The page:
The road ahead for change will not be easy for the Conservatives. They will have to move very slowly so as not to alarm the electorate. They will also be harangued by the propaganda of the hostile mainstream media.
Further, Mr. Harper spoke the absolute truth on January 18, 2006 when he stated that his government would have to deal with a Liberal-dominated Senate, a liberal judiciary and the civil service.
The 105-seat Senate has 67 Liberals and only 23 Tories - the remaining senators are either Independent or old-time Progressive Conservatives who never approved of the merging of the Alliance Party with the former Conservative Party. The senators are patronage appointments who owe their position for their hard work for their respective parties. Unfortunately, they see their job in the Senate not as being a quiet reflective voice of sober thought, but rather as cheerleaders for their party. Conservative legislation passing through these raucous Liberal senators will not be easy.
Similarly, many in the civil service will not be willing to be neutral despite their claims to the contrary. This is especially true in regard to the Departments of Justice and Foreign Affairs, where feminist/lesbian/homosexuals have dominated the policy decision-making positions for several years. Many of these latter see their role in government as promoting the "progressive" agenda of the left in government policy. They will not quietly depart, but will remain on, if at all possible, to fight any changes in a conservative direction. We can expect their attempting to undermine the Conservatives by such actions, for example, as arranging significant leaks to the media, which will be ready and willing to raise controversy over any changes in the left agenda.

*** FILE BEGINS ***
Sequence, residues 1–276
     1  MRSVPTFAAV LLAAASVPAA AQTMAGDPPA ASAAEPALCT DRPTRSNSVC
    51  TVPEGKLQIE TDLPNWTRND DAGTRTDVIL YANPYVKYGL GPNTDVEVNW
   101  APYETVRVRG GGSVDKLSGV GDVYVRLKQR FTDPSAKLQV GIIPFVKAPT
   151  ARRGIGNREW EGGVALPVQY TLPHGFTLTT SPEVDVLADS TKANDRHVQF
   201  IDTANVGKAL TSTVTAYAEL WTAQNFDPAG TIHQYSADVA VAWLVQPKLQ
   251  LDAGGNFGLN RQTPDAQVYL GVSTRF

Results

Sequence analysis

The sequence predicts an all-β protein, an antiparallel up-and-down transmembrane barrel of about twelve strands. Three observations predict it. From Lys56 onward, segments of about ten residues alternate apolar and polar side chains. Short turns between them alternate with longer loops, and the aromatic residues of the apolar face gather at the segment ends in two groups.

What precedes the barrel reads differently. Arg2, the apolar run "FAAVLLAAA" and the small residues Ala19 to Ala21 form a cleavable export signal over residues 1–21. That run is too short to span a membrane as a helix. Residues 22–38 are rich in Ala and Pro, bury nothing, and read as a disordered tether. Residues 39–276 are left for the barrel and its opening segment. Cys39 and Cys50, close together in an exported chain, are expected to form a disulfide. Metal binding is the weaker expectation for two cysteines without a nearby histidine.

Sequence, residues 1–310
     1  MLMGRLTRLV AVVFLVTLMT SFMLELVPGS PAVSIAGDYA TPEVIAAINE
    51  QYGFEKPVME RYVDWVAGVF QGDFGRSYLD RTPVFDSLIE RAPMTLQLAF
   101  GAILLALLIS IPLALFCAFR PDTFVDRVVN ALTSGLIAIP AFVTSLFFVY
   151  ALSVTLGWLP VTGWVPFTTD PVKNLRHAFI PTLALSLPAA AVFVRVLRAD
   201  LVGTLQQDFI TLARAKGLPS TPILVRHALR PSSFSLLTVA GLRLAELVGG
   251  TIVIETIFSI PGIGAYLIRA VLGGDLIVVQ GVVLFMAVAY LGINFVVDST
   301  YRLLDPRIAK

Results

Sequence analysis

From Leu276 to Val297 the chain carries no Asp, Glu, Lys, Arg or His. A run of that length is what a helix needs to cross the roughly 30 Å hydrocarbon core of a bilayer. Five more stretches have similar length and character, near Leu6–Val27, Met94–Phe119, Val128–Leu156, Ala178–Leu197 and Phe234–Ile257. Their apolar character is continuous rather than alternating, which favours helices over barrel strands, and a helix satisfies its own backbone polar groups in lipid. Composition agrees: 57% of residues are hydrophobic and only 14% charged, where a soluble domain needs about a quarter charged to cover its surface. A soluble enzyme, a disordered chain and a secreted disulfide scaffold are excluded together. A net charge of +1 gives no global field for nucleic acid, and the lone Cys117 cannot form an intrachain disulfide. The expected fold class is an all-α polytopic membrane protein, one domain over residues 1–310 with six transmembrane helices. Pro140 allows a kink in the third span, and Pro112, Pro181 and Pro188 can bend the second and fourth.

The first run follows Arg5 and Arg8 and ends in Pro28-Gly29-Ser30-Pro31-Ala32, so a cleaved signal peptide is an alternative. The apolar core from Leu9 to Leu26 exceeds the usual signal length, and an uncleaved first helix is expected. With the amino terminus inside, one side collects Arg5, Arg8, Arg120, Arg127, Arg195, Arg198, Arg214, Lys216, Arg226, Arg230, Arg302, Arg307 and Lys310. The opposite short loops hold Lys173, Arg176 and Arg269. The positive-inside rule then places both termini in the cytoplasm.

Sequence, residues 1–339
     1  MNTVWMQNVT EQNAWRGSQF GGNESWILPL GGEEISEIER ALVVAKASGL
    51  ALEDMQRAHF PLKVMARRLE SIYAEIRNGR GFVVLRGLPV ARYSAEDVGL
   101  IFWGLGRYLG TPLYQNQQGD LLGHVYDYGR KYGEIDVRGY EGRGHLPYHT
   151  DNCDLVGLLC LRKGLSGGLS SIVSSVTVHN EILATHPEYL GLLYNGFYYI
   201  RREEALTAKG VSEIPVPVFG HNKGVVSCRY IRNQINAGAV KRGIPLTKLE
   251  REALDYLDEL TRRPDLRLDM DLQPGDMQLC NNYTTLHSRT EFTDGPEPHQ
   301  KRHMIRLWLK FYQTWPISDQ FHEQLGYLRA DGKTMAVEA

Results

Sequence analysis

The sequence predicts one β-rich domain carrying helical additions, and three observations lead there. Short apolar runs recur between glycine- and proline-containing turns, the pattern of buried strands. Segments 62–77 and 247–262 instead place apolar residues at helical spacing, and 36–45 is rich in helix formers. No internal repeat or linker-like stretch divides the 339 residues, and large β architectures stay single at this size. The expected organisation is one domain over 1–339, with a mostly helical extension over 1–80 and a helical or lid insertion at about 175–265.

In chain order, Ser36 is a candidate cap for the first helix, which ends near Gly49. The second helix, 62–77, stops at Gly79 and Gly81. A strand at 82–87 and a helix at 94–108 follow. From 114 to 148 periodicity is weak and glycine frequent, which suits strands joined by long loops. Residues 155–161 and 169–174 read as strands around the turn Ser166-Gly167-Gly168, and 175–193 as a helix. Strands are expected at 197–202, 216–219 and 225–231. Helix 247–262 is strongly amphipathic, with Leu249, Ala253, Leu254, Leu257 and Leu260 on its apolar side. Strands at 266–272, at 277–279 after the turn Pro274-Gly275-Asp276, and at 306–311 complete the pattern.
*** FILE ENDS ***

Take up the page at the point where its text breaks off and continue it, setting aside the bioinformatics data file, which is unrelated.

Finally, the Liberal appointed judges will be ready with pens poised to block any affront to their personal philosophies and ideologies by a conservative government. They have no problem, as evidenced by some of the articles in this issue of Reality, in making up so-called "constitutional" reasons to block legislation not to their liking.
Despite these real problems, however, the Conservatives will have to show they can govern and govern well. It will not be easy having regard to the triple obstacles mentioned above. However, the entrenched liberalism in the government and our courts must be shown up for what it is - sheer opportunism and manipulation to promote an agenda for self-serving reasons, not for the benefit of the public.
In this regard, one of the first obligations of the Conservative government will be to reform Parliament so as to return to us once again a truly democratic government - not one controlled by a handful of paid advisors in the Prime Minister's Office.
Although the Conservative Party is forming a minority government, its election marks the beginning of renewal for Canada. The government must judicially and reasonably carry out its responsibilities. If so, a conservative government will be in power for many years to come.